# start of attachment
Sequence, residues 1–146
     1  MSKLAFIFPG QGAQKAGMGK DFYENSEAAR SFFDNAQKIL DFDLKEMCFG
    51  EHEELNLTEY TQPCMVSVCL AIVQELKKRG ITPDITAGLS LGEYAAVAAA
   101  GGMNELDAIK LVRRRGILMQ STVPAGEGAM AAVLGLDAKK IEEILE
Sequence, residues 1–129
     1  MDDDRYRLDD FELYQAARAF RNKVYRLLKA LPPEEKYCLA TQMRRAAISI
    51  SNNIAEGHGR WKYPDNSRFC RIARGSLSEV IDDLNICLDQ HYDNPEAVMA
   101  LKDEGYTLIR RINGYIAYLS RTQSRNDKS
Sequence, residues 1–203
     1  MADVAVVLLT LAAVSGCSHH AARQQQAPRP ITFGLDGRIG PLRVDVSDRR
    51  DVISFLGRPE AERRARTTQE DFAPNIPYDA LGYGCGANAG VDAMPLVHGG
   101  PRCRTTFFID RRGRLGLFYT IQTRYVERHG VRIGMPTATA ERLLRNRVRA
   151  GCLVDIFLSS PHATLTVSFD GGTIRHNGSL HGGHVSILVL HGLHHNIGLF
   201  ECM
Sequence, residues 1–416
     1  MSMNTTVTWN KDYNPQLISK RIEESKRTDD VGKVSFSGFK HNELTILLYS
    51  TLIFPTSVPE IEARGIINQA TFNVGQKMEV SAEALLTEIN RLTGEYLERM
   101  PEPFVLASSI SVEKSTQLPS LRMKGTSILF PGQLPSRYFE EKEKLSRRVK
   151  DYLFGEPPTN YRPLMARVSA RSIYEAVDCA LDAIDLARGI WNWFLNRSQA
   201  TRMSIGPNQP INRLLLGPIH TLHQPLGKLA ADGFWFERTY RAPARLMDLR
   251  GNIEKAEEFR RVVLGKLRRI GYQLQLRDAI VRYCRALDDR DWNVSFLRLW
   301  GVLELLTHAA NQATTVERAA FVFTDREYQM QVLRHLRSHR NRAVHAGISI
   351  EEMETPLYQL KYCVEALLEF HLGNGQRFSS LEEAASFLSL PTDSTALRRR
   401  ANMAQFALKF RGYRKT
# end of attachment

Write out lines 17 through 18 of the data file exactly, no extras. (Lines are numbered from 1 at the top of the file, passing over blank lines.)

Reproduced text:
    51  TLIFPTSVPE IEARGIINQA TFNVGQKMEV SAEALLTEIN RLTGEYLERM
   101  PEPFVLASSI SVEKSTQLPS LRMKGTSILF PGQLPSRYFE EKEKLSRRVK